The book fair seemed even more crowded on day two. Young people from Readers' Clubs from all over Somaliland came to make presentations, read and buy books, meet authors, watch films, listen to music and engage in the debates.

Meeting young members of Somaliland's Readers' Clubs

More bookworms
It was then the turn of the organiser of the book fair, Jama Musse Jama, to speak about recent books he has published, including 'Essays in Honour of Muuse Ismaaciil Galaal' which he compiled. Other titles were also launched including 'The Vulture has Landed', a collection of short stories by Ahmed Ismaacil Yusuf. There was a fascinating discussion of Somali Studies by Dr Laura Hammond of SOAS, Dr Michael Walls of UCL and Ridwan Osman a PhD candidate at Cambridge University.

Jama Musse Jama and his new book
Then it was time for a true musical treat, a meeting of the great musical minds of the King of the Somali Lute, Hudaydi, and the New Orleans jazz musician, Evan Christopher. This was Evan's first visit to Africa. 

The King of the Somali Lute, Hudaydi

Evan Christopher
The music was truly amazing, transporting the huge crowd to a place they had never before been. Here are a few recordings I made of the music:

Hudaydi meets Evan Christopher One

Hudaydi meets Evan Christopher Two

Hudaydi meets Evan Christopher Three

I also recorded a conversation with the two musicians. You can listen to it here.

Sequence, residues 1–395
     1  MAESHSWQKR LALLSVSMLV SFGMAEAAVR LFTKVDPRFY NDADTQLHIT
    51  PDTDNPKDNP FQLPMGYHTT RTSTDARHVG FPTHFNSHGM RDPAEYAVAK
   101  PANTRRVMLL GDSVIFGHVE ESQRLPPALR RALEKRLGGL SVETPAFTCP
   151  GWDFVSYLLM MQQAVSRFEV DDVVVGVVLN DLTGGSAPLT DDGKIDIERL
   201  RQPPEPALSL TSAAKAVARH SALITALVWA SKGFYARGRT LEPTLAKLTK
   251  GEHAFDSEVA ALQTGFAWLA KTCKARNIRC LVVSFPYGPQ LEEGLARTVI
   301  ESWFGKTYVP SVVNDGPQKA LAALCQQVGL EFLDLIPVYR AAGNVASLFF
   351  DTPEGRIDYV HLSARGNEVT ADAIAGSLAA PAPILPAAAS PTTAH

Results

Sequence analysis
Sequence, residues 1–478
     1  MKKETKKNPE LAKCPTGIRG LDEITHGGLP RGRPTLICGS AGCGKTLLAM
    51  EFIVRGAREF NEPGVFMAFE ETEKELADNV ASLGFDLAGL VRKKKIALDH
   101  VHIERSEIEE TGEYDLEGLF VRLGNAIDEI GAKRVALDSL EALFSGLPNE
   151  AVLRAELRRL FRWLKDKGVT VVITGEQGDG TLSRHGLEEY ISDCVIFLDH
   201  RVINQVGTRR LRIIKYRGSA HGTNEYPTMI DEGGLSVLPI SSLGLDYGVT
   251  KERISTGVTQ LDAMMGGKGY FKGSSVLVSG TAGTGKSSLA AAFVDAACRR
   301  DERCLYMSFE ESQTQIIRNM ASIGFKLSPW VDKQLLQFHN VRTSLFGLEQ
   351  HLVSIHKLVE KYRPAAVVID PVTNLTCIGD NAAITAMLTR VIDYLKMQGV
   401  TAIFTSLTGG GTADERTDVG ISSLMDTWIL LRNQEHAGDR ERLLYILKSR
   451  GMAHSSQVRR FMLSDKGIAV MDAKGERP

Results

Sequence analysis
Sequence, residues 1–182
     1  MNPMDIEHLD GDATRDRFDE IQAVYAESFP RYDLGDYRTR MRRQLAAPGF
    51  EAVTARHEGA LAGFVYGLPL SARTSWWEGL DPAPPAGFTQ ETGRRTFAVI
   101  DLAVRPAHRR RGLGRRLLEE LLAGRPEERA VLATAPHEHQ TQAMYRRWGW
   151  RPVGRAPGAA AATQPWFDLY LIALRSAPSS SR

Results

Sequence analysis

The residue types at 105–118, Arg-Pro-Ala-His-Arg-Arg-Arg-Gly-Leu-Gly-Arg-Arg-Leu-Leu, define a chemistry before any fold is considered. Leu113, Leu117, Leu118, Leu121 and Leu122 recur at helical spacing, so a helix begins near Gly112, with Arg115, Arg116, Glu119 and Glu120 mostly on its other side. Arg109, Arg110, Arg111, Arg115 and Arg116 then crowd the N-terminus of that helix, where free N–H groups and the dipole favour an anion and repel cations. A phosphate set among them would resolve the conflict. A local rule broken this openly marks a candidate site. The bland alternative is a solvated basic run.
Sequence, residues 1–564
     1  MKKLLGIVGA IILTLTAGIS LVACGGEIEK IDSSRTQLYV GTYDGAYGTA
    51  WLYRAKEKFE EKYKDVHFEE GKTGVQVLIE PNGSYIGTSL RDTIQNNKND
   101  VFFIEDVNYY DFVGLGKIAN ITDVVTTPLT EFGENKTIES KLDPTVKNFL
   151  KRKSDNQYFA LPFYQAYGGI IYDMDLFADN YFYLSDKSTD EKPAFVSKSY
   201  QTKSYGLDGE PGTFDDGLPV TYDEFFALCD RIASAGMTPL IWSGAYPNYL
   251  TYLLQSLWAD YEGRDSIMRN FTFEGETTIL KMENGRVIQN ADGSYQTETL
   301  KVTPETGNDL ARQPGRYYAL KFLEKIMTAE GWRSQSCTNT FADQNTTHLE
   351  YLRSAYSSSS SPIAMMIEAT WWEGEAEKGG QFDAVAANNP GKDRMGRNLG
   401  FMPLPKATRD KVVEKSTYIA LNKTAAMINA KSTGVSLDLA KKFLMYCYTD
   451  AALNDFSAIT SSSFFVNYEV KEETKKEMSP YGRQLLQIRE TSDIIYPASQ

The Hargeisa International Book Fair: Day Three

This was the day for the environmentalists:

The Somali environmentalist Ahmed Elmi

Amina Milgo presented her book on the environment and showed a film about how charcoal making is wrecking the environment, as are the plastic bags and other rubbish.

Hadrawi, Ahmed Ismaacil Yusuf and Jama Musse Jama enjoy the discussions

Helen Conford of Penguin Books spoke to the crowd about how local authors can write for an international audience. Nadifa Mohamed and I were on the panel, and shared our experiences:

Nadifa Mohamed and Helen Conford

Dr Laura Hammond of SOAS presented a new book on diasporas called 'Politics from Afar'. She said many Somalilanders are 'part-time diaspora' people as they spend equal time in the diaspora and in Somaliland.

Then it was time for me to speak about my book Getting Somalia Wrong?. It was the first time I have spoken about it on Somali soil. I broke the news that the Somali translation of the book has just been completed. This has been made possible by some generous Somalis, who have contributed their time, money and other resources. After it is thoroughly checked by Somali intellectuals from different parts of the Somali territories, it will be made available online for free by my generous publishers Zed Books.

My book (among others) on sale at the fair. It sold out twice! More copies are being flown in from Nairobi, Kenya and will be available for sale in the Oriental Hotel, Hargeisa.
This young lady helped sell my book.
It was a wonderful experience especially because my former BBC colleague, the great Somali journalist and thinker, Maxamuud Sheekh Dalmar, did the translating. This is his first trip home to Somaliland in 36 years. He has been receiving a hero's welcome.

Maxamuud Sheekh Dalmar

My book has been for sale at the Maan-Soor Hotel

With VOA journalist, Ismail Hussein Farja

Another bookworm in a book fair baseball cap

Listening to the debates

Organiser of the book fair, Ayan Mahamoud

We were then treated to some singing and dancing by a young music group:

Dancing boys

Nadifa and I took a ride on the bus
Hargeisa bus (about 20 US cents a ride)
The mosque at the venue was often full to bursting at evening prayer time

Meeting old friends and making new ones

I bought this bag made from discarded plastic bags